Coarse-woolled sheep breeds such as the Romney exhibit a pronounced annual cycle of wool growth with concomitant changes in fibre length growth rate and mean fibre diameter with maxima in summer and minima in winter. This cycle, which is entrained by seasonal changes in daylength via changes in circulating prolactin, parallels wool growth rate in Romney sheep. The cycle is also influenced by complex interactions between nutrient supply and hormones associated with reproductive status. A marked depression in wool production occurs during early pregnancy, which cannot be completely ameliorated by supplementary feeding, and does not directly involve prolactin. Additionally, in ewes, experimental and pharmacological increases and decreases in the prolactin concentration at parturition and during lactation are associated with increases and decreases, respectively, in spring and summer wool growth rate. A greater appreciation of the different mechanisms that temporally influence the wool growth cycle represents a potential means to change fleece characteristics. The development of sheep genotypes with a reduced amplitude of their wool growth cycle would significantly contribute to a reduction in fibre variability that can affect processing performance.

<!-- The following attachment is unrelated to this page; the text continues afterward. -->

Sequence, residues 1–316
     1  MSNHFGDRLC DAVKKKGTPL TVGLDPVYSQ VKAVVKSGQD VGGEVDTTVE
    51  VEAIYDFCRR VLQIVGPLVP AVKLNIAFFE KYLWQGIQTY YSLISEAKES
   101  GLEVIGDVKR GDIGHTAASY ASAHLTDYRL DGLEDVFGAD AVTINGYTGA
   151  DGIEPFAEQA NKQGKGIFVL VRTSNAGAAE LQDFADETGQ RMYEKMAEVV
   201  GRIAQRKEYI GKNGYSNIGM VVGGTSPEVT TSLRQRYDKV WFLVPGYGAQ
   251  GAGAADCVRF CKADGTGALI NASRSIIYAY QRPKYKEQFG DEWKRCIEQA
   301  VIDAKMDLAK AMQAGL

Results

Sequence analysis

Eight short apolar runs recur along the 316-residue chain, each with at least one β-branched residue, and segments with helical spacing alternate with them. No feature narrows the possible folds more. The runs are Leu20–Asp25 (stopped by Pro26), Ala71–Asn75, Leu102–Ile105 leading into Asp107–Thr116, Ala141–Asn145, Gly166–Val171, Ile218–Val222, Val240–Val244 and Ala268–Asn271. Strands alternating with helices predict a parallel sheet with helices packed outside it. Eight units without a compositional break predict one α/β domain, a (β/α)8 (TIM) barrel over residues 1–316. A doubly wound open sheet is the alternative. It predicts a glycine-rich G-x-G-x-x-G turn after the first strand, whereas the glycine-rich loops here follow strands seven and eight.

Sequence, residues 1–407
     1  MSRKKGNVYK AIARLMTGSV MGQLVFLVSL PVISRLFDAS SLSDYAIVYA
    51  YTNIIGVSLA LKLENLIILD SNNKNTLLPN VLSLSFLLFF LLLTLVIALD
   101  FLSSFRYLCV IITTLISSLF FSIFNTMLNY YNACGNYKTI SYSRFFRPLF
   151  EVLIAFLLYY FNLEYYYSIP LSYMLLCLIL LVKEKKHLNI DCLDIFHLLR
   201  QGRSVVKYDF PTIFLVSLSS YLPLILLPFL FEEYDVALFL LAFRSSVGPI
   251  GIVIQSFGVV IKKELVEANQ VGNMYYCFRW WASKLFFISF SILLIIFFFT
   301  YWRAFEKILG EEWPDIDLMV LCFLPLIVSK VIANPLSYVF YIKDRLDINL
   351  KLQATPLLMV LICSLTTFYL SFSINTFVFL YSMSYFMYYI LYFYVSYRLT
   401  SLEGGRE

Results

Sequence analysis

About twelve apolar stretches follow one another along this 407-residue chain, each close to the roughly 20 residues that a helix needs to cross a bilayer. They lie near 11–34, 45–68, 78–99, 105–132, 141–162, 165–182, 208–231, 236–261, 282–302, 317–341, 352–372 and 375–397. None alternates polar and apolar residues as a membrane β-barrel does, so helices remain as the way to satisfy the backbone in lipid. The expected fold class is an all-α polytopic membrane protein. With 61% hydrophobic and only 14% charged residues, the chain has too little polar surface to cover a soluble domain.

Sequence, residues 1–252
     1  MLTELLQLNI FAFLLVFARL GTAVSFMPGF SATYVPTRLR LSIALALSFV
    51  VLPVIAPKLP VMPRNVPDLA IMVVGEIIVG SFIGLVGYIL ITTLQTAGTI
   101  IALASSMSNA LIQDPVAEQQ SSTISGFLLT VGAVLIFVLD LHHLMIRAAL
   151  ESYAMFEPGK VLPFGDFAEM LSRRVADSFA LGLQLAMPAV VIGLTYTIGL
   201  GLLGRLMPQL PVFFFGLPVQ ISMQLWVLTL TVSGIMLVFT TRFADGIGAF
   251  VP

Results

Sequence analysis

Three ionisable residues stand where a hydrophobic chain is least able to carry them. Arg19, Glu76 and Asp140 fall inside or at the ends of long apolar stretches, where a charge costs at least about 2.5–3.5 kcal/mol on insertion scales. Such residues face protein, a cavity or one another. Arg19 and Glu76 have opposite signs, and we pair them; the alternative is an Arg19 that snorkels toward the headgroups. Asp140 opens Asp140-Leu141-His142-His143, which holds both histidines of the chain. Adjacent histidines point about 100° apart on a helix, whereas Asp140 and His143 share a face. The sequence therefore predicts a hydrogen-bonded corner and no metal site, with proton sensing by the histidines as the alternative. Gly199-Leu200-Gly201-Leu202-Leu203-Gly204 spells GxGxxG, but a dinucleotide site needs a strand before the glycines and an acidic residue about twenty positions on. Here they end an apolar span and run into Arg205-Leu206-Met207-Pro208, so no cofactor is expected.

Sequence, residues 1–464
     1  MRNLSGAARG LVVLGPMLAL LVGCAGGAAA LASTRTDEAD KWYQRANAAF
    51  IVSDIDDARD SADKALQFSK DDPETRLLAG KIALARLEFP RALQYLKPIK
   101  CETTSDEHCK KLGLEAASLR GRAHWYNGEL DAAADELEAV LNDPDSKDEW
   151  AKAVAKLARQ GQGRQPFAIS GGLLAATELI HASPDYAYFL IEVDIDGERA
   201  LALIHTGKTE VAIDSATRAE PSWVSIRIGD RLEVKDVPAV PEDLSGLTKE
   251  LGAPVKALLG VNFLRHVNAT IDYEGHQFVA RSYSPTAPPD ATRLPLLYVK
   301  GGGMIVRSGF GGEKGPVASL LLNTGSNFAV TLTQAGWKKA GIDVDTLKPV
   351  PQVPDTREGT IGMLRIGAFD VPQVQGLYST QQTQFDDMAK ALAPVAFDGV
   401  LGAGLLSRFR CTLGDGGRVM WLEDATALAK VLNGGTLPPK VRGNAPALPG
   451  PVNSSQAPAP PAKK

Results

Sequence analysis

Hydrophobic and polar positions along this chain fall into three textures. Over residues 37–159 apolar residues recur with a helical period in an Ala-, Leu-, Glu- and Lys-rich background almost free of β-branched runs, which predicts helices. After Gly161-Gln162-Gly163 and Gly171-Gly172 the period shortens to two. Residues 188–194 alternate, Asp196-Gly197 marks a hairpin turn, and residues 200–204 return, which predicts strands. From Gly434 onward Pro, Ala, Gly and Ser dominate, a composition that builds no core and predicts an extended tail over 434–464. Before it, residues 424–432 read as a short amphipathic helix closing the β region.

PE, Kendall, RMW Sumner, and AJ Pearson

Proceedings of the New Zealand Society of Animal Production, Volume 66, Napier, 144-148, 2006
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